In 2010, the Independent System Operator-New England (ISO-NE) identified 8,300 megawatts (MW) worth of coal- and oil-fired power plants that were/are “at-risk of retirement” by 2020. The key to understanding this “at-risk of retirement” concept rests on two ideas: how you measure the size of a power plant, and why these plants are “at-risk.”
1. What does “8,300 MW” mean? As an introduction for those who don’t spend their days marinating in energy industry jargon, a megawatt (MW) is a unit for measuring the electrical output of a power plant. The New England electric grid, managed by ISO-NE, currently contains a total of 32,647 MW of generation capacity (put another way, if they were all turned on, all of the 1,137 power generators currently linked to the region’s electric grid could theoretically produce a total of 32,647 MW of electricity instantaneously).
Power plants provide two primary services, capacity and energy. Capacity refers to the total amount that a plant could generate in any hour whereas energy refers to the total energy that a plant in fact delivers. The capacity of these 28 “at-risk” power generating units adds up to approximately 8,300 MW. Since 2010, the Vermont Yankee nuclear plant (which wasn’t on the original at-risk list) shut down at the end of 2014, and the Pilgrim Station nuclear plant announced that it would shut down by June of 2019 (likely by 2017). Those would bring the 8,300 MW figure up to 9,600 MW. But with Bridgeport Harbor Unit 2, Mount Tom, Norwalk Harbor, and VT Yankee already closed by 2015, that 9,600 MW figure comes back down to 8,200 MW still at-risk of retirement by 2020. For simplicity’s sake, we’ve rounded this up to 8,300 MW. The total energy generated by the plants – the amount that they have actually been contributing to the operating grid to “keep the lights on” – varies widely depending on economic and environmental factors.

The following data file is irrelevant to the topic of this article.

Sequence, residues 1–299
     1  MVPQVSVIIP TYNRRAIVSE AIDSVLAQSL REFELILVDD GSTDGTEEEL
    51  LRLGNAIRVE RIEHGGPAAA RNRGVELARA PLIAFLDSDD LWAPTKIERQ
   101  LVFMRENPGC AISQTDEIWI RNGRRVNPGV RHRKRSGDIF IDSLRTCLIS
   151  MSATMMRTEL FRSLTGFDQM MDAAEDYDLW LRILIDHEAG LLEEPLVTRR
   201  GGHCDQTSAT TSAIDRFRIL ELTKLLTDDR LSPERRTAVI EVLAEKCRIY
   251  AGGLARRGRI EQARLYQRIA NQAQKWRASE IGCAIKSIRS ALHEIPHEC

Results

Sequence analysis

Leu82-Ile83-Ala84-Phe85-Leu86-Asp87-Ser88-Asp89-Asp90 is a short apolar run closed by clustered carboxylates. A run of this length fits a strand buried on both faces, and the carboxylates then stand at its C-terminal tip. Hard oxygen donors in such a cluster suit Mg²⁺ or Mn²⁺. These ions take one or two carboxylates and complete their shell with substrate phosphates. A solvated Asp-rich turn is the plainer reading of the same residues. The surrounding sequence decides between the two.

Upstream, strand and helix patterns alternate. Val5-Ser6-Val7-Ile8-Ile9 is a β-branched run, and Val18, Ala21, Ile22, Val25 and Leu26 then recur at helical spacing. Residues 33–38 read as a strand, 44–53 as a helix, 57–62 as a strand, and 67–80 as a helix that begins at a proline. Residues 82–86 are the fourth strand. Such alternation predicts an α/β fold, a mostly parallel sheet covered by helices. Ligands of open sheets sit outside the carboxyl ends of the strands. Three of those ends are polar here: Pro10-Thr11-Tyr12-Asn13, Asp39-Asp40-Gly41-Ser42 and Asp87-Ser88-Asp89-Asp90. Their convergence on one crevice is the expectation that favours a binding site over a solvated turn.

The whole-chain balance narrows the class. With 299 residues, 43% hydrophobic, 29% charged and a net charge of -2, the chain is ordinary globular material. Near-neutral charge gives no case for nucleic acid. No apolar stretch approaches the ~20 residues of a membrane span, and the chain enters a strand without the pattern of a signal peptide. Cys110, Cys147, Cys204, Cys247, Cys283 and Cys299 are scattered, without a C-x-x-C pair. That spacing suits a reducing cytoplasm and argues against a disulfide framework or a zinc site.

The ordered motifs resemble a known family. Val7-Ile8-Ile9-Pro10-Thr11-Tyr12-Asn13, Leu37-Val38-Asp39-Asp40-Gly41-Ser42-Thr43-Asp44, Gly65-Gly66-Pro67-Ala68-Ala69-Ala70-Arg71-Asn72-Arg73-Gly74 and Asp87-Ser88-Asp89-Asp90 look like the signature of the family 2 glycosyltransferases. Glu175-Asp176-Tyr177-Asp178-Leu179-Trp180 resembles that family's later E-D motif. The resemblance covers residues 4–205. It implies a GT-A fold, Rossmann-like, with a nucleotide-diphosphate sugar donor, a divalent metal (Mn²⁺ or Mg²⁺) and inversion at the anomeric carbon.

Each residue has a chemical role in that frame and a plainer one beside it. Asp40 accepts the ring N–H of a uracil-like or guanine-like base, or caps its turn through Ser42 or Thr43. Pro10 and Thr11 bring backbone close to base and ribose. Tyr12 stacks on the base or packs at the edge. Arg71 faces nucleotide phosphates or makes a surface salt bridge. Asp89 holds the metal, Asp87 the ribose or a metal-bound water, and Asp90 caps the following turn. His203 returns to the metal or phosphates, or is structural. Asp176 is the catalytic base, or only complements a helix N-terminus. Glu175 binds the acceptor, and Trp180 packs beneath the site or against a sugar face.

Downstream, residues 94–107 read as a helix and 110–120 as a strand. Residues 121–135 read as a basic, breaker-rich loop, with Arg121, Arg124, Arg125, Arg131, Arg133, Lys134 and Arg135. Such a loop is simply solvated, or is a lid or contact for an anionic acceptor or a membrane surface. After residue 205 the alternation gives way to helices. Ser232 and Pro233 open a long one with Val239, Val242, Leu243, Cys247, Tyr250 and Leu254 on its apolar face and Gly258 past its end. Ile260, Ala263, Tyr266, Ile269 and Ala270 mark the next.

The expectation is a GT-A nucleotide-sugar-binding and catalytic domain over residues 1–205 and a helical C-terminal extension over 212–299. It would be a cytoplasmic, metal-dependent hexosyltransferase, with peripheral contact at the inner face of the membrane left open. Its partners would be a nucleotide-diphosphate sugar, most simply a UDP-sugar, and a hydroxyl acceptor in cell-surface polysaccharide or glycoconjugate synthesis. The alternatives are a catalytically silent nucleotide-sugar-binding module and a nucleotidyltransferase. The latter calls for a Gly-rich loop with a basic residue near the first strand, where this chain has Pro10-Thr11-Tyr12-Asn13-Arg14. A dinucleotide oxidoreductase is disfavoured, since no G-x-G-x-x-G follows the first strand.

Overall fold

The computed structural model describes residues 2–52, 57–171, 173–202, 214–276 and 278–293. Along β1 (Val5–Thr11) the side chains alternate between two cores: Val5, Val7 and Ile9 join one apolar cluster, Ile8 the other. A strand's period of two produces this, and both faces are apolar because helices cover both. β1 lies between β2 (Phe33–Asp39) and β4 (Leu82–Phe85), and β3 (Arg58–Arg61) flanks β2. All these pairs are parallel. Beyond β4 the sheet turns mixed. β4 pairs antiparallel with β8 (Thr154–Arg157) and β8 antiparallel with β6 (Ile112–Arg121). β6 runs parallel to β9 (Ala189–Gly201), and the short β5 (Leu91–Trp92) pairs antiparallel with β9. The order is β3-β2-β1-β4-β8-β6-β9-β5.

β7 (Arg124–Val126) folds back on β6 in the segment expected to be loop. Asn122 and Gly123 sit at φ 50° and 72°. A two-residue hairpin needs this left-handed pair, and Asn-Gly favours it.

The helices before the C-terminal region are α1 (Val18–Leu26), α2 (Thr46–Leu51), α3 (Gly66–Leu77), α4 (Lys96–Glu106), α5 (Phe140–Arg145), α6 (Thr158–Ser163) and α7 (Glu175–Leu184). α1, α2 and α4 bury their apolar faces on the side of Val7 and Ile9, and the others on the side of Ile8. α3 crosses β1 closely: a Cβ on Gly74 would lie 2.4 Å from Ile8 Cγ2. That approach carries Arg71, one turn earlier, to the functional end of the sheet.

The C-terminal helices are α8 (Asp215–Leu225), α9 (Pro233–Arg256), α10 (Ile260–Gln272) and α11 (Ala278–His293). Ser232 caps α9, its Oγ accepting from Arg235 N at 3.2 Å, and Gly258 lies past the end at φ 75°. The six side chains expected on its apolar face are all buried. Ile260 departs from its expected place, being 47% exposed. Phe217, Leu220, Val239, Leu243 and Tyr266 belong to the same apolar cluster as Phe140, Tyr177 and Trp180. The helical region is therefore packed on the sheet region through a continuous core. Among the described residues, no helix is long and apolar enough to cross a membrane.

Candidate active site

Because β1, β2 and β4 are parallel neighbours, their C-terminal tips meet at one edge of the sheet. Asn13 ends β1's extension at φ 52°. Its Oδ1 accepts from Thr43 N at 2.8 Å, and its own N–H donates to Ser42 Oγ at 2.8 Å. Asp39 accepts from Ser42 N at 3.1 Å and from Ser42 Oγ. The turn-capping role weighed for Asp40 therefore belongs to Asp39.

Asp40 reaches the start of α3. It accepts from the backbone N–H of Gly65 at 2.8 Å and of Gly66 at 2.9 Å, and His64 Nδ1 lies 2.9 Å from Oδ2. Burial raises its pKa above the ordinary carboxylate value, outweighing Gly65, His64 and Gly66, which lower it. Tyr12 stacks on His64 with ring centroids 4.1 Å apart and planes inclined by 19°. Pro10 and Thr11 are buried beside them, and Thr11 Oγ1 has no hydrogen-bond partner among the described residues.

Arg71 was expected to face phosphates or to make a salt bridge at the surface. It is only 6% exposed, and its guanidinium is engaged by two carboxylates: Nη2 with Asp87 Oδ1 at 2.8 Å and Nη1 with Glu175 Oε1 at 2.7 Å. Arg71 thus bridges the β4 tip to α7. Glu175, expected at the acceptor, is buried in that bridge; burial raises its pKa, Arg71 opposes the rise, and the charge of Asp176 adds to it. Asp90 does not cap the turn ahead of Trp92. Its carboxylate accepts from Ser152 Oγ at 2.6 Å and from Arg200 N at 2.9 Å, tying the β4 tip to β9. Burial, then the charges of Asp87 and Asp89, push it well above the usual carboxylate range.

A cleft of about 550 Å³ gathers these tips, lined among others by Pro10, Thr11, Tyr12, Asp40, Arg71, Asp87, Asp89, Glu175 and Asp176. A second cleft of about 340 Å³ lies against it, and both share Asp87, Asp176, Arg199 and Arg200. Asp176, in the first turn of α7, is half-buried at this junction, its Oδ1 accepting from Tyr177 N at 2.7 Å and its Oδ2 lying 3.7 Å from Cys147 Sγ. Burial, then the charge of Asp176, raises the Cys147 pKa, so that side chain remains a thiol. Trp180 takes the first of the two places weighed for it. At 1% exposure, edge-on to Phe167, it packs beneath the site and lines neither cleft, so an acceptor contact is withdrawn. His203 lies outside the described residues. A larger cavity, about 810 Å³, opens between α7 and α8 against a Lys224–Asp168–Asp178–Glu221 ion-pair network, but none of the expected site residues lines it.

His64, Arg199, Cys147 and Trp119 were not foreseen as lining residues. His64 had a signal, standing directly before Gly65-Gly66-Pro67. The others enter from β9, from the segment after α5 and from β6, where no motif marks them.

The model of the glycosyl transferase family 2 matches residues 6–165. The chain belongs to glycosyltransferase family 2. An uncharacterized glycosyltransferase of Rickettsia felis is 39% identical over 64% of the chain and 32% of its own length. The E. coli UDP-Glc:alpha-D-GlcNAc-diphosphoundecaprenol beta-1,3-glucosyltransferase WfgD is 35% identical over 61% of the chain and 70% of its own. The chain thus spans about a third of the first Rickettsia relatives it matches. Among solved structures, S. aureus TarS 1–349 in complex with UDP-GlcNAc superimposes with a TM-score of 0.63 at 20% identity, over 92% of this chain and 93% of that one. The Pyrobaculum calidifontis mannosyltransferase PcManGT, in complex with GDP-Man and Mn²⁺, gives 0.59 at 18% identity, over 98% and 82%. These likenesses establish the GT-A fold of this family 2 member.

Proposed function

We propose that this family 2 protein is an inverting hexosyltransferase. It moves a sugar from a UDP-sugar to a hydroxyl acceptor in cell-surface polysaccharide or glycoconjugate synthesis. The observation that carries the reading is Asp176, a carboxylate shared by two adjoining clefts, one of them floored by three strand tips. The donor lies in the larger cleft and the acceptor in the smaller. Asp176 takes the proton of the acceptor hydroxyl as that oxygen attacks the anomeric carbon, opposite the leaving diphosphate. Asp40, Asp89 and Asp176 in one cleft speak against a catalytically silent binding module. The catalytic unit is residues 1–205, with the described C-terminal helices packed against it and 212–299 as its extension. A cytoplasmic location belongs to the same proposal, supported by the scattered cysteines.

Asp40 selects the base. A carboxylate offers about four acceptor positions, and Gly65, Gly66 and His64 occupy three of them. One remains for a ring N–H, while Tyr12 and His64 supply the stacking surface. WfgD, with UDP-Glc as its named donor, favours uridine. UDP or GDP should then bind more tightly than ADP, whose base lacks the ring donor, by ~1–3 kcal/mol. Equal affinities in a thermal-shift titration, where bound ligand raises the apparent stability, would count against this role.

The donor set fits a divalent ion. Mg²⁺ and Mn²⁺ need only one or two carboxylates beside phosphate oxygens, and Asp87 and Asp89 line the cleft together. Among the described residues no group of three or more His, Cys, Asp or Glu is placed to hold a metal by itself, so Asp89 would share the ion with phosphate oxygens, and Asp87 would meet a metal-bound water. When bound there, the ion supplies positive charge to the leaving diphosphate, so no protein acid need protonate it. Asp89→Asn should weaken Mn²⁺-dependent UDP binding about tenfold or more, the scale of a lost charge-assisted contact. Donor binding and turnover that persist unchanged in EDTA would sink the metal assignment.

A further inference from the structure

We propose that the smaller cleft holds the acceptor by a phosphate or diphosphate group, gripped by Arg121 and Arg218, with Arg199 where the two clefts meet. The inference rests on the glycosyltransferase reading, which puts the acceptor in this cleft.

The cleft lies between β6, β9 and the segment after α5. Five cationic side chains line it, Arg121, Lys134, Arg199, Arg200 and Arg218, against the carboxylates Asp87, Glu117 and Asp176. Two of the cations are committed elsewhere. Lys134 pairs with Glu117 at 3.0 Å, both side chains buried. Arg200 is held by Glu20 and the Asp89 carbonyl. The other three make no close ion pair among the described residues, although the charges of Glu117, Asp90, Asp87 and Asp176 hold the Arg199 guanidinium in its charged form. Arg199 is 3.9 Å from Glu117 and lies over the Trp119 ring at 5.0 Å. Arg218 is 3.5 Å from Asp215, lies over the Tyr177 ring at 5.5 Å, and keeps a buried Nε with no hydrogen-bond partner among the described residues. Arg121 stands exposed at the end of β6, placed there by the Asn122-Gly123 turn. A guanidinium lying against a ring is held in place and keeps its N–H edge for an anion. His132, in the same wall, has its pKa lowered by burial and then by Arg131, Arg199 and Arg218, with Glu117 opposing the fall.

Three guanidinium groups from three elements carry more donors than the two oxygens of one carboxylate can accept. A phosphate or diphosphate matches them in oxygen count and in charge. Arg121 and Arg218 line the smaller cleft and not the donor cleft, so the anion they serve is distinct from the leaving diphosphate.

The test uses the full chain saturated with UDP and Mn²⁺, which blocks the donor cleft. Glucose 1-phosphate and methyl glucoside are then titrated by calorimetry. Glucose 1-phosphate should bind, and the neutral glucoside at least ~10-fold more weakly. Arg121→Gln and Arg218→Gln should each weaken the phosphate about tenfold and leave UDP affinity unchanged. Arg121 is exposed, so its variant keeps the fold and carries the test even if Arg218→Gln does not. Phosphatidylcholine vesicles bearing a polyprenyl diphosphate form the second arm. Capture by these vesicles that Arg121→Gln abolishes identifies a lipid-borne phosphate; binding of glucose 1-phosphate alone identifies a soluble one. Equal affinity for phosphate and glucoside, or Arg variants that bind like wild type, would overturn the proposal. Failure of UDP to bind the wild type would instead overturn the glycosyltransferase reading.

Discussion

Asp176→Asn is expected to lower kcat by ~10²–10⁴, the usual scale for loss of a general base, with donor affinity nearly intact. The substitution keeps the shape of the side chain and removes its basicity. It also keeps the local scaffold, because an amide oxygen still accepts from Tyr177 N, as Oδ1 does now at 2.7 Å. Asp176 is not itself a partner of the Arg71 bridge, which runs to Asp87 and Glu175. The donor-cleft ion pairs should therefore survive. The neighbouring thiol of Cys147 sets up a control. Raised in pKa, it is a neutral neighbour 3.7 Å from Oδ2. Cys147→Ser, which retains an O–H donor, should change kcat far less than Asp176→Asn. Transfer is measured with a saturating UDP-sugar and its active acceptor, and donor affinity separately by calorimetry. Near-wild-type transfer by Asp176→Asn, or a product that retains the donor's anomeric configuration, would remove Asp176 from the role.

2. What Does it Mean to Be At-Risk of Retirement? In our regionwide electricity system, power plant owners have to compete in the market to stay afloat. The plants ISO-NE considers to be at-risk of retirement are those whose economics are in the worst shape – those plants that are least likely to be able to keep up with the expense of meeting safety and environmental requirements long term and/or whose fuel is more expensive than their competitors’ fuel, among other factors. The fact that these plants are at risk of retirement shows us that the market is working! Older and dirtier plants are being driven out of the market by newer and cleaner technologies (especially renewables like wind, which can bid into the market at negative prices since their fuel is free). The most important thing to understand is that for most of these at-risk plants (all but the two nuclear plants, in fact), these same economic factors already keep the plants from operating – and actually delivering energy – on a day-to-day basis now.